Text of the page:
It’s the first day of a new semester. As the freshmen enter the room, Mr. Sadler hands out the course syllabus. This contains all the information they need to be successful in physical science, including class rules, procedures, learning targets, and major projects. Students choose their own seat, and after the bell rings, Mr. Sadler greets the class from the front of the classroom and begins to read through the information on the syllabus.
Mr. Sadler makes several great educator moves, and there are also opportunities to have an even bigger impact on his students. Before reading our feedback ideas, take a moment to think about what stars-and-stairs feedback you would give him.
Stars (validation/celebration): In what ways has the educator…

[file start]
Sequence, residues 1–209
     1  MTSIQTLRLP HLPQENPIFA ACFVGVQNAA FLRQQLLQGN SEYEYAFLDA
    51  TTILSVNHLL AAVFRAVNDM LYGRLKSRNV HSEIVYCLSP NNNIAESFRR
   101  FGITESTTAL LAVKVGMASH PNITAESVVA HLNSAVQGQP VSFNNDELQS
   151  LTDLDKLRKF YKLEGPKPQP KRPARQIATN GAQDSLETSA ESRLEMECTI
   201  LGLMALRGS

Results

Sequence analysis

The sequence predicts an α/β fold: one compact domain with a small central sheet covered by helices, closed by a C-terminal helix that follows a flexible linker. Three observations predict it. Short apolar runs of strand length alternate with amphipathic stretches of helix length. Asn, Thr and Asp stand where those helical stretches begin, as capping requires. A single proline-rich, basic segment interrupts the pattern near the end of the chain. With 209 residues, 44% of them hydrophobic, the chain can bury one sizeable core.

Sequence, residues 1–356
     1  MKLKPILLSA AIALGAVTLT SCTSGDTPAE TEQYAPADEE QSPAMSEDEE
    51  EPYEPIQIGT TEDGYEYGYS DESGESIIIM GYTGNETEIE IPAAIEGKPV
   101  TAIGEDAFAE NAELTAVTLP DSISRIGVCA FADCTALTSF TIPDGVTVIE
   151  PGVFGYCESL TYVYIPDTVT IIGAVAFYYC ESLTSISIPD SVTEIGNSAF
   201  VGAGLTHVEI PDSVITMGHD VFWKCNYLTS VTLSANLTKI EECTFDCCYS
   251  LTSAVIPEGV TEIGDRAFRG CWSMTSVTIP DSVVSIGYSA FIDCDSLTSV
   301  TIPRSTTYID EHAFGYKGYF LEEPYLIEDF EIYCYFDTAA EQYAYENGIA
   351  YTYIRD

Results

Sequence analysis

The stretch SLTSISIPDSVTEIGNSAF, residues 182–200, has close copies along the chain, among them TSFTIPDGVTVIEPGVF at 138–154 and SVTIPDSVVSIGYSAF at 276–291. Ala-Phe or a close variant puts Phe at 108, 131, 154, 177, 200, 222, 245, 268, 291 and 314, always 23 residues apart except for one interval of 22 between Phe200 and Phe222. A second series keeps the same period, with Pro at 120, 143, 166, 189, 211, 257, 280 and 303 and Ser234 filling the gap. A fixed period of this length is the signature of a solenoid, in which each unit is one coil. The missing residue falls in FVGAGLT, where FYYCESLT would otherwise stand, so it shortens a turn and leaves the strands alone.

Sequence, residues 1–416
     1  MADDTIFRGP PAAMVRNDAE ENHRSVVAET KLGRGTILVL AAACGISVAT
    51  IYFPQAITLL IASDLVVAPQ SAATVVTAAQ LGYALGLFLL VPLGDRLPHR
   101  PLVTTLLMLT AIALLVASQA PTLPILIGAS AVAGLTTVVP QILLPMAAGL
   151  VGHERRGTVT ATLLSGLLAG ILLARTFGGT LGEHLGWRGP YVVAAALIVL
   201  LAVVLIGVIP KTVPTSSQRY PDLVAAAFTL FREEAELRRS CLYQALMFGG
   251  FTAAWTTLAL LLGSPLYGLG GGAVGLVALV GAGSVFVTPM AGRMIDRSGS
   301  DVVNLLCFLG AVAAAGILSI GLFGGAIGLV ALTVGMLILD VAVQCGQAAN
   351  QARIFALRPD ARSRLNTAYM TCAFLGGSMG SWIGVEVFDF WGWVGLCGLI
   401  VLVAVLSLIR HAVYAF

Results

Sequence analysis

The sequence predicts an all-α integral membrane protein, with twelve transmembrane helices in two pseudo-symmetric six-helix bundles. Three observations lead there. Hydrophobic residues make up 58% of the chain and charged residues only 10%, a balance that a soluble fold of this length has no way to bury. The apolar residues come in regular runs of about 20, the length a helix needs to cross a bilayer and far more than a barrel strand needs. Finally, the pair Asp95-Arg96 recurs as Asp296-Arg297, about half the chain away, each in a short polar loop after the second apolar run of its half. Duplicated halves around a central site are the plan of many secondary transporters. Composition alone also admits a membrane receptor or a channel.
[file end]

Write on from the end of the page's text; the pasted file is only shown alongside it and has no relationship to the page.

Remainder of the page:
- Authentically partnered with students to foster a diverse, equitable, inclusive, and accessible culture of learning?
- Set up success for high-impact responsive learning processes, such as student goal-setting, feedback, and self-assessment?
Stairs (action steps): What are some steps or adjustments the educator could make to…
- More authentically partner with students to foster a diverse, equitable, inclusive, and accessible culture of learning?
- Further set up success for high-impact responsive learning processes, such as student goal-setting, feedback, and self-assessment?
Here’s our feedback for Mr. Sadler:
- Stars: You positioned yourself to interact with students right as they came into the learning space, which is a great start to establishing relationships. You then used the syllabus to communicate important rules, procedures, learning goals, and projects, which is one way to make information and learning goals clear to students. When learning information and goals are clear, it makes student goal-setting, feedback, and self-assessment processes inclusive and accessible because the expectations and processes are not assumed or hidden.